As the ninth largest state, Oregon features a variety of climates, from cool and humid on the coast to semi-oceanic in the Willamette Valley.
If you live in one of the hotter, dryer areas, you could benefit from tinting your windows to make your driving experience more pleasant.
But is driving with tinted windows safe, and can you get pulled over for tint in Oregon?
Let’s explore the Oregon window tint laws to help you make an informed decision.
Oregon State Law and VLT
We can measure the amount of sunlight that penetrates into your vehicle with the Visible Light Transmission, or VLT, which is expressed as a percentage.
If you don’t have any window tint, you may have a VLT close to 100%, since most or all of the light can enter your car.
However, most tinted windows allow 25-50% sunlight penetration, so the inside of your vehicle will be much darker and cooler.
In Oregon, the laws around window tilt were enacted in 2003 in an effort to make driving as safe and pleasant as possible for everyone.
VLT is an important measure here, and you’ll have to make sure your manufacturer or dealer sells you tint at an appropriate level.
Oregon Window Tint Laws for Passenger and Multi-Purpose Vehicles
Before buying tint, you’ll need to know which VLT is allowed for which windows.
This depends on the type of car you own, as sedans are subject to stricter rules than SUVs and vans.
No matter what vehicle you drive, you’ll be able to tint the top 6 inches of your windshield, as long as the film you’ve chosen isn’t reflective.
You can also apply a tint of 35% VLT or higher to your front passenger windows.
While the 35% VLT restriction is true for back passenger windows and the back window in sedans, there is no such restriction for SUVs and vans.
In fact, you can apply any tint darkness to those windows if you drive a multi-purpose vehicle.
Further Regulations and Laws in Oregon
Aside from the Visible Light Transmission, another factor that influences safety is how reflective the film is.
If your windows reflect light back at the other cars, this may cause confusion and accidents, so Oregon prohibits window tint that is more than 13% reflective.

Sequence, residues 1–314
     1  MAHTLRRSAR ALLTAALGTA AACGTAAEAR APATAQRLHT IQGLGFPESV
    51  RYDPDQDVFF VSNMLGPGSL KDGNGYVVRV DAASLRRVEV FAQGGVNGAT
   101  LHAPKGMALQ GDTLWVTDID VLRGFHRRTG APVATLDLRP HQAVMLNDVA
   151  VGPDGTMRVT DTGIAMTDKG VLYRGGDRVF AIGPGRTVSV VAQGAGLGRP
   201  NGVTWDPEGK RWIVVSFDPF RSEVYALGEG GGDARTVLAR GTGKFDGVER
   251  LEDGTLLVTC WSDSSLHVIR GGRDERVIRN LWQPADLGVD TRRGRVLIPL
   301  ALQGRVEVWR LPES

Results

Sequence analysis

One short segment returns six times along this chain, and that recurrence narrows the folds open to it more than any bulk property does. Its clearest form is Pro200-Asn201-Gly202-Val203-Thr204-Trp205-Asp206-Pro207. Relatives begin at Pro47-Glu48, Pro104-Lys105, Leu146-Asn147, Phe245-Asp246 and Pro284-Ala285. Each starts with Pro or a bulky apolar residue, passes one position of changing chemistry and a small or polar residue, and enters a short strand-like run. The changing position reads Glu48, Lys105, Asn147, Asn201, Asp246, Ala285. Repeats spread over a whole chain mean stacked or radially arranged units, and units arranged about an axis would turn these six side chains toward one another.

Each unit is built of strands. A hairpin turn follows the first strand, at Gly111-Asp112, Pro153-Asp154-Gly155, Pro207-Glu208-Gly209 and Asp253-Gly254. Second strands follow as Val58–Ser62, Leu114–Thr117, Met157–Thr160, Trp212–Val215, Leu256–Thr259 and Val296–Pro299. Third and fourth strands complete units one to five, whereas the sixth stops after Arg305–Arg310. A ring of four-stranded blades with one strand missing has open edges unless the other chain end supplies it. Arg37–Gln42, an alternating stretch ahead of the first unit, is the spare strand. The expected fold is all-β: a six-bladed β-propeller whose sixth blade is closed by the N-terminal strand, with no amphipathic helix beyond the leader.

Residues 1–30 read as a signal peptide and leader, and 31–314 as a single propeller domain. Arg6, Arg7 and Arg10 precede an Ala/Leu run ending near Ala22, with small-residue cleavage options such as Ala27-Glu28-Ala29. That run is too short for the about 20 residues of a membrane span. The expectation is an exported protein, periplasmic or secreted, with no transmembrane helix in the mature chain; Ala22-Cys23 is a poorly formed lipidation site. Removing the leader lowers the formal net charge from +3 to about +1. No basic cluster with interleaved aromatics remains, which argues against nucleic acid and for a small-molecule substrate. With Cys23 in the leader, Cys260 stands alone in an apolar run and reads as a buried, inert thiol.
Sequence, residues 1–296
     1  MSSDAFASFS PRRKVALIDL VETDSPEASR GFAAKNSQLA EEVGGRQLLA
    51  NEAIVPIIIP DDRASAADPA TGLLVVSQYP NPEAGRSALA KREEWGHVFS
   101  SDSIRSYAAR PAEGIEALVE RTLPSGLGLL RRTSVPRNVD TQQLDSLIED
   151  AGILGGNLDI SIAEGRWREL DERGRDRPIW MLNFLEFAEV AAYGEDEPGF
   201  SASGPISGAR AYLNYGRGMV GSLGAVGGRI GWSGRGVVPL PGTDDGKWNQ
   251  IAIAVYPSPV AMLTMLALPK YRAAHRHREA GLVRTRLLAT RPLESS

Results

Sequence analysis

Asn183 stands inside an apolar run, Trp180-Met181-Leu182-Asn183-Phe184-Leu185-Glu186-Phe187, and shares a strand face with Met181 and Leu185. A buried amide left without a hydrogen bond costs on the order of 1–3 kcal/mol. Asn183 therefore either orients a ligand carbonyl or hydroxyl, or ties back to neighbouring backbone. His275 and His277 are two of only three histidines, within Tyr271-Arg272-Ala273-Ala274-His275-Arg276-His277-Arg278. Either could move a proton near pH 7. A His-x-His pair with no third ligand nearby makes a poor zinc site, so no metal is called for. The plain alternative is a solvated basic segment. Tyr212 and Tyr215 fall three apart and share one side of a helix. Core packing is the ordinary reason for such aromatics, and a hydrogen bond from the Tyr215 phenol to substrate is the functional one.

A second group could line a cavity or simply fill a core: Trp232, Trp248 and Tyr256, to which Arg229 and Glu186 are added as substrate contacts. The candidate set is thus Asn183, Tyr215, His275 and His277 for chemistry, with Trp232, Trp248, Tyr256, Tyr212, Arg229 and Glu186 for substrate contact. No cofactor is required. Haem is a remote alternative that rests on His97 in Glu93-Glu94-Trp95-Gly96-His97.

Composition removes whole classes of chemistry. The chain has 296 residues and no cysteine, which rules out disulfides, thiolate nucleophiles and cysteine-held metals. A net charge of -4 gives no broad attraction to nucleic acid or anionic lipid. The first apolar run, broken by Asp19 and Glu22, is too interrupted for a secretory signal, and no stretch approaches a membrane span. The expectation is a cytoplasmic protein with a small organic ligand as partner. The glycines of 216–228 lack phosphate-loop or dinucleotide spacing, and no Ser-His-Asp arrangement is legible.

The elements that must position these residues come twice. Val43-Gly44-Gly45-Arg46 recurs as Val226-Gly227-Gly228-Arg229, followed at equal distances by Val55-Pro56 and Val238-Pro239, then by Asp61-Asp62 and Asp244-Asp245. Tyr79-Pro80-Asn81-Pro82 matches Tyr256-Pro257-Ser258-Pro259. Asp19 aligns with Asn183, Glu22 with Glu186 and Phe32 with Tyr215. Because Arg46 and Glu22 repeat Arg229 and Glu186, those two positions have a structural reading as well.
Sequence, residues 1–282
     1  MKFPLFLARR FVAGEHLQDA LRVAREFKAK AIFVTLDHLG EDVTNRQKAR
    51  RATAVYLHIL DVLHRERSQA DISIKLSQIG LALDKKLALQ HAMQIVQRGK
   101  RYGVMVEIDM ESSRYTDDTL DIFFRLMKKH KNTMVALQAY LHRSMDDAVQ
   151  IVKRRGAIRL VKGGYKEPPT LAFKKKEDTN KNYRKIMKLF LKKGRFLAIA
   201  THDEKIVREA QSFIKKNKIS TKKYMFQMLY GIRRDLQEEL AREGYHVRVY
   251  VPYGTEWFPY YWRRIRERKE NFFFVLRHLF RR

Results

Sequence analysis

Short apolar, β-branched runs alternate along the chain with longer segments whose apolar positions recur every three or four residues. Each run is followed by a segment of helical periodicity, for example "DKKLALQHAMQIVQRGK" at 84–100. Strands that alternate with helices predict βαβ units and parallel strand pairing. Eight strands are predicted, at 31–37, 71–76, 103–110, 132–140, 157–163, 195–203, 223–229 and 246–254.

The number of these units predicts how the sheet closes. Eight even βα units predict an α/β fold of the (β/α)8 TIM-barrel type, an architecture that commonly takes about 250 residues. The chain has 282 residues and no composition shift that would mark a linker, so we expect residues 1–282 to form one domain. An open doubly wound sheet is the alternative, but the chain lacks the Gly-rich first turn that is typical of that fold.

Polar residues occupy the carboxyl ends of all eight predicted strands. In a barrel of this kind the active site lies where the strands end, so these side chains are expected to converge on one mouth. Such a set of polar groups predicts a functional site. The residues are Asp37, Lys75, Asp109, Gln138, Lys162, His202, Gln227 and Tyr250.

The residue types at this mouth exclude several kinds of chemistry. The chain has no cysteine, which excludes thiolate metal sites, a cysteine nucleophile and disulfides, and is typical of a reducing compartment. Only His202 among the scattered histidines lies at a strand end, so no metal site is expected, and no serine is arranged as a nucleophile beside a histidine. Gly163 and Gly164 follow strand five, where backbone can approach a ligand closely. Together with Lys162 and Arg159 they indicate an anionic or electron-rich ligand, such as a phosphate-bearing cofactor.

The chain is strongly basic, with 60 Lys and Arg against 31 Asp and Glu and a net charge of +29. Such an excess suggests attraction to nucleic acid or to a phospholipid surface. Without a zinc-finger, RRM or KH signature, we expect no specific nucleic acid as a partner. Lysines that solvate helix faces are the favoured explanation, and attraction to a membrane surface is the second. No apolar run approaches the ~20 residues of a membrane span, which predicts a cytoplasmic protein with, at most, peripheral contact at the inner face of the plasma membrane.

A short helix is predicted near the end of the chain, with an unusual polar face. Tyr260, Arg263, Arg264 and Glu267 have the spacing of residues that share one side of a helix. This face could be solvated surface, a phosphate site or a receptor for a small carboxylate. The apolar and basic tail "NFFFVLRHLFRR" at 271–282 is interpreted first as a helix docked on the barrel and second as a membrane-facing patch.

When buying film, make sure to ask the vendor about this, so you comply with both the VLT and the reflectiveness regulations.
By law, the manufacturer has to issue a certificate that states the light transmittance and reflectance, but you don’t have to display a sticker to identify legal tinting on your vehicle.
It’s also worth keeping in mind that you’ll have to have dual side mirrors if any window behind the driver is tinted.
In addition, Oregon is very specific about the colors that are allowed.
Unfortunately, you can’t have red, gold, yellow, amber, or black tint.
Window Tint Laws and Medical Exemptions
While the majority of people tint their windows because it looks good and it’s convenient, this feature is a medical necessity for some.
Anyone who suffers from a condition that makes them particularly vulnerable to sunlight and UV rays should look into getting a medical exemption for darker window tint.
This could be the case if you suffer from Cockayne Syndrome, Bloom Syndrome, Albinism, Systemic Lupus Erythematosus, or a similar condition.
Oregon does allow such exemptions, but you’ll have to be able to prove that you are eligible.
Speak to your physician about obtaining a prescription, but keep in mind that they can only help you if you genuinely need it due to a medical concern.
Now that you’re aware of the most important rules and regulations, you may be wondering whether it’s worth complying with the various laws.
Do you really need window tint, and if so, is it likely that you’ll get pulled over if it’s too dark?
Read on to discover the answers to these frequently asked questions.
Is Window Tint a Necessary Feature in Oregon?
Different people will give you different answers to this question, and it depends both on how sensitive you are to heat and sunlight and where in Oregon you live.
But while saving money on air conditioning and avoiding glare are both great reasons to opt for window tint, they are not the only ones.
Many people decide to get this feature because it can deter thieves, who won’t be able to see what objects you’re keeping in your vehicle.
It can also allow for greater privacy and a better driving experience, particularly with children.
If you are ever in an accident, the film could stop your windowpane from shattering and hurting someone, as the glue used will keep the broken glass in place.
Can You Get Pulled Over for Tint in Oregon?
Luckily, you can’t be imprisoned for having incorrectly tinted windows, but you may have to pay a fine for a Class B traffic violation.
This is usually $360, but you will be punished more harshly if you’re selling or installing an unlawful window tint.
While you can get pulled over for incorrect tint, the laws are not enforced equally strictly in all areas of Oregon, and you are more likely to be fined if you draw attention to yourself by other means such as speeding.
Oregon window tint laws are quite specific and involve not only the VLT but also the reflectiveness and color of your film.
You don’t need a sticker to prove your tint is legal, but police officers have special devices that can measure this, so it’s best to comply with the rules.
By following the above guidelines, you can enjoy a safer and more enjoyable ride without the chance of getting fined.